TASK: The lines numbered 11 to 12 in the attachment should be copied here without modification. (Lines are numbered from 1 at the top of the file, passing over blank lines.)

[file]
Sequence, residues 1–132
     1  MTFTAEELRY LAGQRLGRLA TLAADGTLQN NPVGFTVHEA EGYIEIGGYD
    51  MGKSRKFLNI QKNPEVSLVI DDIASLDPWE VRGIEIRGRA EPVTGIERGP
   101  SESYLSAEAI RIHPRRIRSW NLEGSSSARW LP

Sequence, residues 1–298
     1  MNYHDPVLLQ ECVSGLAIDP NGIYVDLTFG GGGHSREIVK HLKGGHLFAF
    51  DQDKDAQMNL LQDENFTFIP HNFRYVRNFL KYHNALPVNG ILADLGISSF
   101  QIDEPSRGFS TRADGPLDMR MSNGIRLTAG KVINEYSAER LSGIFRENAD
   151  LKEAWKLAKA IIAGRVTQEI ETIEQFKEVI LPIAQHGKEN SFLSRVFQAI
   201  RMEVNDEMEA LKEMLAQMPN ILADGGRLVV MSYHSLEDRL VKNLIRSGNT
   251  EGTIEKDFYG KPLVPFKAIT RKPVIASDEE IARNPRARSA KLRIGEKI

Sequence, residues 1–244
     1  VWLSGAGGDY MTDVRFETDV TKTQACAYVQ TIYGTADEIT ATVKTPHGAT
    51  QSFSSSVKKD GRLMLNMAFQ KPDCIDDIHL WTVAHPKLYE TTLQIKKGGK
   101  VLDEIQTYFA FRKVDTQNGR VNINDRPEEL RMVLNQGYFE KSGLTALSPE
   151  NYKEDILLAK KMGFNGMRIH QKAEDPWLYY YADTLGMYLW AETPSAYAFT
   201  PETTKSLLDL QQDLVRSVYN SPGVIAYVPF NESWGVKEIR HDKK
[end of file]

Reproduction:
   251  EGTIEKDFYG KPLVPFKAIT RKPVIASDEE IARNPRARSA KLRIGEKI

Sequence, residues 1–244